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Protein manipulation makes obese, healthy mice

Researchers including Philipp Scherer and Christine Kusminski used protein manipulation in mice to describe links between obesity and metabolic disorders.
Manipulation of mitoNEET protein in mice's adipose tissue significantly affects obesity and glucose tolerance

Manipulating a protein in mitochondria led to mice becoming extremely obese but remaining metabolically healthy, in a new study which aimed to improve understanding of the link between the metabolic functions of obesity and its connection to type 2 diabetes.

The study, which was published in Nature Medicine, found that when levels of the protein mitoNEET were elevated inside rodent fat cell mitochondria – the part of the cell which creates ATP, the chemical which is used for metabolism in the rest of the cell – fat was stored in the adipose tissue rather than in other locations.

In effect, the researchers say, the fat acted as a “safe haven”, keeping toxic lipids away from places where they could do the most damage, like the liver.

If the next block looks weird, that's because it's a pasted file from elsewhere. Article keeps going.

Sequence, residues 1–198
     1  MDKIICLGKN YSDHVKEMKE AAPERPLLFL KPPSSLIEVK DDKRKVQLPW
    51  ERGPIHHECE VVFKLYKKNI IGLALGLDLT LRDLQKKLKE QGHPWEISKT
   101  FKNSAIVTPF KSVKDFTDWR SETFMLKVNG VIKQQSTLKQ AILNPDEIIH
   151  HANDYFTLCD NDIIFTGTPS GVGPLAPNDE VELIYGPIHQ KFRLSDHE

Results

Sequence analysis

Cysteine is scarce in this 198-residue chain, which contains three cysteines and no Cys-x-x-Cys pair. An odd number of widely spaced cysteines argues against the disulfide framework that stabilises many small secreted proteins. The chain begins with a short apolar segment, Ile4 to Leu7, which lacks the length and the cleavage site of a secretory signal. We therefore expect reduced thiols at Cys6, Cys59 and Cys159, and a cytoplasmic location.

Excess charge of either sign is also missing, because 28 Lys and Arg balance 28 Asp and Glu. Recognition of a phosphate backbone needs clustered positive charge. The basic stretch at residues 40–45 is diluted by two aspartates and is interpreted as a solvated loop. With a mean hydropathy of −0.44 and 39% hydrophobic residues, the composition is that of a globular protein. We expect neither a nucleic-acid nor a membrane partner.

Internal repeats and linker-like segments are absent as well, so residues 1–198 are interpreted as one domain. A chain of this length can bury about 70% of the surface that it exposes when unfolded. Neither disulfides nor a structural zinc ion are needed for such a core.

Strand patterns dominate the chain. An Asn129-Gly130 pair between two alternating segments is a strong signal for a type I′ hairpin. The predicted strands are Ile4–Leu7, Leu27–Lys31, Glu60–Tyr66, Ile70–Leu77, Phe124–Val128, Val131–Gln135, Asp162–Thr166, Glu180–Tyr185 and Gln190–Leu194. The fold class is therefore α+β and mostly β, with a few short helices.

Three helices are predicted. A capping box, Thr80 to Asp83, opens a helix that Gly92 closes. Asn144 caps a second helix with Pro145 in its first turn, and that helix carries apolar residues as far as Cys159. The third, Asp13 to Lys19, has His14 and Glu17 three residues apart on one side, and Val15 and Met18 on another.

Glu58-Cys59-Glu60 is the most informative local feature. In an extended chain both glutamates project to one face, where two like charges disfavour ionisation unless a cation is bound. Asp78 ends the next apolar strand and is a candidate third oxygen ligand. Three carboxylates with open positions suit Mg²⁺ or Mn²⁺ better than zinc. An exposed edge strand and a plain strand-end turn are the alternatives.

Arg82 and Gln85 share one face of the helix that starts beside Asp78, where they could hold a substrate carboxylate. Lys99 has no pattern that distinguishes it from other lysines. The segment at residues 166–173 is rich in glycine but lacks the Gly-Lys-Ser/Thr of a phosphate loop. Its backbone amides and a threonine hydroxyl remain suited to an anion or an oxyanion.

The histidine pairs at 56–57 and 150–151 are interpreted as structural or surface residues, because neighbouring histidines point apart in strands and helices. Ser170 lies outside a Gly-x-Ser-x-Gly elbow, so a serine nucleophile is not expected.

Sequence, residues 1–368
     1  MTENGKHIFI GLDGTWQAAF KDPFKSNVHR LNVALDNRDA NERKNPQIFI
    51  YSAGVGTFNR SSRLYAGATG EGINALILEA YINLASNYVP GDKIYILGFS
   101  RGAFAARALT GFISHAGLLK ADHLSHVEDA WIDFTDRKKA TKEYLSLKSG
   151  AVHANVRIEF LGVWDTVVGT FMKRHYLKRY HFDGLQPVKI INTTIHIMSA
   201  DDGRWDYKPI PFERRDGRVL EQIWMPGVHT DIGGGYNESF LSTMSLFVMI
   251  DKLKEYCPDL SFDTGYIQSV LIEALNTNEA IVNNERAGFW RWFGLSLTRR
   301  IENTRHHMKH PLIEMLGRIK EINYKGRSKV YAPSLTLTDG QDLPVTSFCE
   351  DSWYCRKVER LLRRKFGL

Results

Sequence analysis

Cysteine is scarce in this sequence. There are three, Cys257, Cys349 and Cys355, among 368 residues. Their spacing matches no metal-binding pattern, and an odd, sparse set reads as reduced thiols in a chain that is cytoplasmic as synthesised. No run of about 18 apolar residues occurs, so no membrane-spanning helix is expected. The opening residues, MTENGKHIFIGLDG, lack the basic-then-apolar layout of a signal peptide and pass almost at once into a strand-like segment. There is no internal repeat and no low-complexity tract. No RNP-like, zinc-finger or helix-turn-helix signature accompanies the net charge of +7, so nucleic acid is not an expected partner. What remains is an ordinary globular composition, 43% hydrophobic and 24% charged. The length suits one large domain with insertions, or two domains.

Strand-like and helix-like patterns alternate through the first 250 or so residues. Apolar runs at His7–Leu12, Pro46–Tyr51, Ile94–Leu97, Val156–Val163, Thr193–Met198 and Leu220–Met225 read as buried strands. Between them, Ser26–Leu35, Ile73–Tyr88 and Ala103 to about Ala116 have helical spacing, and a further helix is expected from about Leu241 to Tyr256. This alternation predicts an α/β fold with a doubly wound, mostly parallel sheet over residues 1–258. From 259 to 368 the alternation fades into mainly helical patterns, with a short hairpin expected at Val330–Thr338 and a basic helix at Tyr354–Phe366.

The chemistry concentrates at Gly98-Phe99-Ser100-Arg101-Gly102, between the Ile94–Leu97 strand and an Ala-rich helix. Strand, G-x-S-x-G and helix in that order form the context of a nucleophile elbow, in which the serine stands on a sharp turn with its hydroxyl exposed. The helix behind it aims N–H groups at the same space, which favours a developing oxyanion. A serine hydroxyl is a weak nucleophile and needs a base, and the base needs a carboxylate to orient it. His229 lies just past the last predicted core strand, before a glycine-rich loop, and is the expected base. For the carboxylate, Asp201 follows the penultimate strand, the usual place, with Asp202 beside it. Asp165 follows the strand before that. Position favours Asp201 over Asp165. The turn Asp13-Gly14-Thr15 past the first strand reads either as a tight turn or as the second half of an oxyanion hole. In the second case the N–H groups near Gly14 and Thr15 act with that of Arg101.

One of the obese mice used in the study

The mice that were subjected to this treatment became enormously obese – ballooning to around five times their ordinary weight – but remained metabolically healthy.

However, in mice with artificially reduced mitoNEET levels, the mice became lean, but metabolically unhealthy, and began to demonstrate pre-diabetic conditions.

“The manipulation of mitochondrial activity in fat tissue is a very powerful approach to control how much excess energy we store in our bodies and where we store it,” said Dr Philipp Scherer, lead author and director of the Touchstone Center for Diabetes Research at the University of Texas Southwestern Medical Center. “We have heretofore underestimated the importance of mitochondrial pathways in our fat cells and their influence on how we manage our weight.”

The researchers found that mitoNEET inhibits iron from entering the mitochondria, which lowers the rate at which fatty acids are broken down in the cell to create energy.

They found an association between this effect and lower levels of cell damage from reactive oxygen species and increased production of adiponectin.

Conversely, the mice with reduced levels of mitoNEET showed higher levels of oxidative stress and glucose intolerance.

The researchers hope to conduct further studies to translate their findings into clinical applications, but for now, they say that their experiments have taught them a lot about fat cells’ role in storing and burning energy.

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